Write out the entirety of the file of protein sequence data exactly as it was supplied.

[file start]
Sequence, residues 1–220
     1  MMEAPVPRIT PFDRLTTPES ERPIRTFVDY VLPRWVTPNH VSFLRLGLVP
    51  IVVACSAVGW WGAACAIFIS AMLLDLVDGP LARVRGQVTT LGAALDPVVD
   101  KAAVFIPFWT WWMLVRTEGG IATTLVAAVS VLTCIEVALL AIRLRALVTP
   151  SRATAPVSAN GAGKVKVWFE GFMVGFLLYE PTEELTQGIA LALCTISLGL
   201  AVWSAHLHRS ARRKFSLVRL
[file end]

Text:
Sequence, residues 1–220
     1  MMEAPVPRIT PFDRLTTPES ERPIRTFVDY VLPRWVTPNH VSFLRLGLVP
    51  IVVACSAVGW WGAACAIFIS AMLLDLVDGP LARVRGQVTT LGAALDPVVD
   101  KAAVFIPFWT WWMLVRTEGG IATTLVAAVS VLTCIEVALL AIRLRALVTP
   151  SRATAPVSAN GAGKVKVWFE GFMVGFLLYE PTEELTQGIA LALCTISLGL
   201  AVWSAHLHRS ARRKFSLVRL